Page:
SuperSpeed USB Spec Completed - InformationWeek

InformationWeek is part of the Informa Tech Division of Informa PLC

This site is operated by a business or businesses owned by Informa PLC and all copyright resides with them.Informa PLC's registered office is 5 Howick Place, London SW1P 1WG. Registered in England and Wales. Number 8860726.

IoT
IoT
Infrastructure // PC & Servers

SuperSpeed USB Spec Completed

USB 3.0, expected to hit the market in 2009, is expected to be up to 10 times faster than Hi-Speed USB.

The SuperSpeed USB specification, officially called USB 3.0, has been completed, paving the way for manufacturers using the popular connector technology to significantly boost data-transfer rates between devices.

The USB 3.0 Promoter Group released the final spec Monday at the SuperSpeed USB Developers Conference in San Jose, Calif. The specification, a technical road map for manufacturers to follow in bringing USB 3.0 to market, now goes to the USB Implementers Forum, which is the managing body for USB specifications.

USB connectors are used to attach peripherals, such as printers, external hard drives, and portable media players, to a PC. The latest spec has a data-transfer rate of up to 5 Gbps, which the Promoter Group says is up to 10 times faster than Hi-Speed USB, officially called USB 2.0. USB 3.0 is backward compatible with USB 2.0 devices.

USB 3.0 is expected to help consumers increasingly using large digital files, such as video. "Today's consumers are using rich media and large digital files that need to be easily and quickly transferred from PCs to devices and vice versa," Jeff Ravencraft, president and chairman of the Implementers Forum, said in a statement. "SuperSpeed USB meets the needs of everyone from the tech-savvy executive to the average home user."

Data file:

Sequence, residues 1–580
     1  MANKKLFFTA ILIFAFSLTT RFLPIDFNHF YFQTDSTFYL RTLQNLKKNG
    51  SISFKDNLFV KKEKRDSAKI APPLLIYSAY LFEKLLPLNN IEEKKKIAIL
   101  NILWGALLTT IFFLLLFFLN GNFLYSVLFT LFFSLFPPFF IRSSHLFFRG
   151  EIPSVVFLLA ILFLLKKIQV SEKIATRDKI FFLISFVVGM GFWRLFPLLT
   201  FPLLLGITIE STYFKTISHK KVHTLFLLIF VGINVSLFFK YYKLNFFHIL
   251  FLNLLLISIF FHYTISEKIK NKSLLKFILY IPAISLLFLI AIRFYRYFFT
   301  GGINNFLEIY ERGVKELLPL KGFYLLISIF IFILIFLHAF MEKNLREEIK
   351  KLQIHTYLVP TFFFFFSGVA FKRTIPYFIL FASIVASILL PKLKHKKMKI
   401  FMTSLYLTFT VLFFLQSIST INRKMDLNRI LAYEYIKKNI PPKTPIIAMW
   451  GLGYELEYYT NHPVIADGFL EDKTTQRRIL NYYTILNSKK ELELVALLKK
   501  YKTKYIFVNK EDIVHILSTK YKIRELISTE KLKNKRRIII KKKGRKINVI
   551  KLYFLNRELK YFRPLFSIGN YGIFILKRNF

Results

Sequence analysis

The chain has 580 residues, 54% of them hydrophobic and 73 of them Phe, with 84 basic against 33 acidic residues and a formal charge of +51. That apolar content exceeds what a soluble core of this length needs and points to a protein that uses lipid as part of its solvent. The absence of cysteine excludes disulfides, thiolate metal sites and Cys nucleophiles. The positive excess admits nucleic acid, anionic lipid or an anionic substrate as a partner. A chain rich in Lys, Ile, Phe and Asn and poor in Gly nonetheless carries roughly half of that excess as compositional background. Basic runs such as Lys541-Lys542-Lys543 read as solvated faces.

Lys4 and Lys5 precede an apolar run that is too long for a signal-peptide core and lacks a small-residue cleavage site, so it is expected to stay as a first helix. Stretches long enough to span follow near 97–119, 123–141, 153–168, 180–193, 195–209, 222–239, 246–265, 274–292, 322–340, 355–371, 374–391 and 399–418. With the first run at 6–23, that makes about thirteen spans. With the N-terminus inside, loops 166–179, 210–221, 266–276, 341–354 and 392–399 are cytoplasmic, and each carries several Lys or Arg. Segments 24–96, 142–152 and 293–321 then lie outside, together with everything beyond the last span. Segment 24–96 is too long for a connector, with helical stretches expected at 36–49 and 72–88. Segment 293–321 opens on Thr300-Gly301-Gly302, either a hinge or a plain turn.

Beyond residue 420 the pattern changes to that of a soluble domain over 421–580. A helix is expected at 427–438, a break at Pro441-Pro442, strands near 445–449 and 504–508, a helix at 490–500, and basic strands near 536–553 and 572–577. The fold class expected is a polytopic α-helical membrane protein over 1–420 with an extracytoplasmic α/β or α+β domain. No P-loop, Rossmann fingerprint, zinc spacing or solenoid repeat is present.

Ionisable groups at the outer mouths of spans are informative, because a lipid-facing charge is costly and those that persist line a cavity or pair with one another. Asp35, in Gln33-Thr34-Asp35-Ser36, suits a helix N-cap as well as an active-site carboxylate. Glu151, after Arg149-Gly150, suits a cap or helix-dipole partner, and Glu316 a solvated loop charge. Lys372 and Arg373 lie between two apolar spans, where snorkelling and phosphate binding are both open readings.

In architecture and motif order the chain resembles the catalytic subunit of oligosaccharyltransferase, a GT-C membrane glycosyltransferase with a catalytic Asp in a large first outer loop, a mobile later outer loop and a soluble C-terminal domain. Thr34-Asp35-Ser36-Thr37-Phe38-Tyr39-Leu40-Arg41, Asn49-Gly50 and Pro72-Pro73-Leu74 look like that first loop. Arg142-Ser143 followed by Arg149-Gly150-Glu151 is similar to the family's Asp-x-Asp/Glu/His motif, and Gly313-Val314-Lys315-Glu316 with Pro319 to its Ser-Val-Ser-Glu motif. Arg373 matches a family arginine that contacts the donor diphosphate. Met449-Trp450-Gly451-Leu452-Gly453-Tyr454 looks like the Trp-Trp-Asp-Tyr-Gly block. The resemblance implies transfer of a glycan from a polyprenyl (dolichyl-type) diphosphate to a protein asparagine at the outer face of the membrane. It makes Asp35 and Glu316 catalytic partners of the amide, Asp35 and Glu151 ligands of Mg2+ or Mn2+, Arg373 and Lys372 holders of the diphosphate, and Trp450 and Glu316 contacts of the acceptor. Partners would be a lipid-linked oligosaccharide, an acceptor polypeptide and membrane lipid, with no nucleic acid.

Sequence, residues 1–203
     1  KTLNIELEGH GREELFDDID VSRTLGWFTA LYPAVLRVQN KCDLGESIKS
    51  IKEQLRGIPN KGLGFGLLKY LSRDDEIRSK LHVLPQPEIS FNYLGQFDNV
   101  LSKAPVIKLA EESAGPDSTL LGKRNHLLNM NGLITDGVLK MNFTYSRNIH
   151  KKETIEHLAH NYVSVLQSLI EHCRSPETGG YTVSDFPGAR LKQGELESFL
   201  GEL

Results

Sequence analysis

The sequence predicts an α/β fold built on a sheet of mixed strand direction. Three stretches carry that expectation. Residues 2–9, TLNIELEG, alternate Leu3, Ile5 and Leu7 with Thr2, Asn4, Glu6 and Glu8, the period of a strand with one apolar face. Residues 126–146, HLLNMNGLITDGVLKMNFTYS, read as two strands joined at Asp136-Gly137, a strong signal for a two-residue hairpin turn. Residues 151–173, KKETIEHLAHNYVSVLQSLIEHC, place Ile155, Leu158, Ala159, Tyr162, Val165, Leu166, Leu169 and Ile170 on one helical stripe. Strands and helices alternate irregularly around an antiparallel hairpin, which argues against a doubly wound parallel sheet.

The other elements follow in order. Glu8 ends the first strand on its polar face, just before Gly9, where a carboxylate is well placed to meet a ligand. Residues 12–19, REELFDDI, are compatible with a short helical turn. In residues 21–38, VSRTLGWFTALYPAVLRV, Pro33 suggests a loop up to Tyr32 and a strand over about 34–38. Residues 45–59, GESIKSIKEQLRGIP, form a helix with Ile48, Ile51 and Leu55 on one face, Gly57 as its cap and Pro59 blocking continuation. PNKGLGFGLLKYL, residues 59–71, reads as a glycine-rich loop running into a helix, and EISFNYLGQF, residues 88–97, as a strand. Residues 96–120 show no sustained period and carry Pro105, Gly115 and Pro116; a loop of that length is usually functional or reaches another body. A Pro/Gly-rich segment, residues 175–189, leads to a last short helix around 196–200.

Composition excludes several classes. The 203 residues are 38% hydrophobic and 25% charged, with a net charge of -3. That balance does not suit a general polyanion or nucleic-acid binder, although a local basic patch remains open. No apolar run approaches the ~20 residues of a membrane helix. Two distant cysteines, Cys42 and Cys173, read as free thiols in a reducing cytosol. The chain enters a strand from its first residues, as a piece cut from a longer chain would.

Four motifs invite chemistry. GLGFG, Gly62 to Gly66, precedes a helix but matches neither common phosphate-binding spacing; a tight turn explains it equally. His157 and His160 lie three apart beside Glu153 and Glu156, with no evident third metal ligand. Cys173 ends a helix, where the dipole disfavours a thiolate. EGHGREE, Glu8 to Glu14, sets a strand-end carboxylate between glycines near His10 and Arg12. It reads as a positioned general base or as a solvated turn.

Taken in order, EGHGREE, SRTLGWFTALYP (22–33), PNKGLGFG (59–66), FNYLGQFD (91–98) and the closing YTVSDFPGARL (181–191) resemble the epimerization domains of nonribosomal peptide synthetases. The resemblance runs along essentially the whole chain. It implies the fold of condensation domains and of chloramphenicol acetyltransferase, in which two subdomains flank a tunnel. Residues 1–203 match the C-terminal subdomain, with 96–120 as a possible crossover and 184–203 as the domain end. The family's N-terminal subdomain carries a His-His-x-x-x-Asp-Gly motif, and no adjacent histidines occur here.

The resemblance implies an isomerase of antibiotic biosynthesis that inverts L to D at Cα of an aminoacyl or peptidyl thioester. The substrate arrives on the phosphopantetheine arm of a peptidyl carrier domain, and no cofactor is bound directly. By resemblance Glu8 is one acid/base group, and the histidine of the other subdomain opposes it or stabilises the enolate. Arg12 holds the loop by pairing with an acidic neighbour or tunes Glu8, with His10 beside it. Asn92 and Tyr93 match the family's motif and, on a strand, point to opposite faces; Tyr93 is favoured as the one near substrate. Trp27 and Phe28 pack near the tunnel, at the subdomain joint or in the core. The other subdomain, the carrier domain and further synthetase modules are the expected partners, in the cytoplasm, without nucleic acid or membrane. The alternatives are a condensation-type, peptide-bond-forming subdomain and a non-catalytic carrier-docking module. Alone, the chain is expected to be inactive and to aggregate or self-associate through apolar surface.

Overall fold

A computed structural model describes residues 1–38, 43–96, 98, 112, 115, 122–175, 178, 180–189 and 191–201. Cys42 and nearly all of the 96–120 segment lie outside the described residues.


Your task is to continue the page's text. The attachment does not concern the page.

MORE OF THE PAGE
The Promoter Group anticipates USB 3.0 discrete controllers to reach the market in the second half of next year, followed by products incorporating the technology in 2010. A USB controller is an expansion card or hardware built into a PC motherboard for communications between the operating system and the peripheral device.

The first devices offering USB 3.0 connectors are likely to be flash drives, external hard drives, digital music players, and digital cameras, the Promoter Group said. Besides the higher data speeds, the specification, which can be downloaded from the Web, also offers better power efficiency.

Members of the Promoter Group include Intel, Microsoft, Hewlett-Packard, NEC, and Texas Instruments. Nonmember contributors include Advanced Micro Devices and Nvidia.

The development of USB 3.0 has not been without controversy. In June, Intel addressed what it called "speculation" on tech Web sites that it was creating USB 3.0 itself and that the specification borrowed heavily from technology developed by the PCI Special Interest Group, which developed the PCI Express architecture used in attaching graphics cards and other components to motherboards. Intel, which is also a member of the PCI group, denied both allegations.

We welcome your comments on this topic on our social media channels, or [contact us directly] with questions about the site.
Comment  | 
Print  | 
More Insights
News
Top 10 Data and Analytics Trends for 2021
Jessica Davis, Senior Editor, Enterprise Apps,  11/13/2020
Commentary
Where Cloud Spending Might Grow in 2021 and Post-Pandemic
Joao-Pierre S. Ruth, Senior Writer,  11/19/2020
Slideshows
The Ever-Expanding List of C-Level Technology Positions
Cynthia Harvey, Freelance Journalist, InformationWeek,  11/10/2020
White Papers
Register for InformationWeek Newsletters
Video
Current Issue
Why Chatbots Are So Popular Right Now
In this IT Trend Report, you will learn more about why chatbots are gaining traction within businesses, particularly while a pandemic is impacting the world.
Slideshows
Flash Poll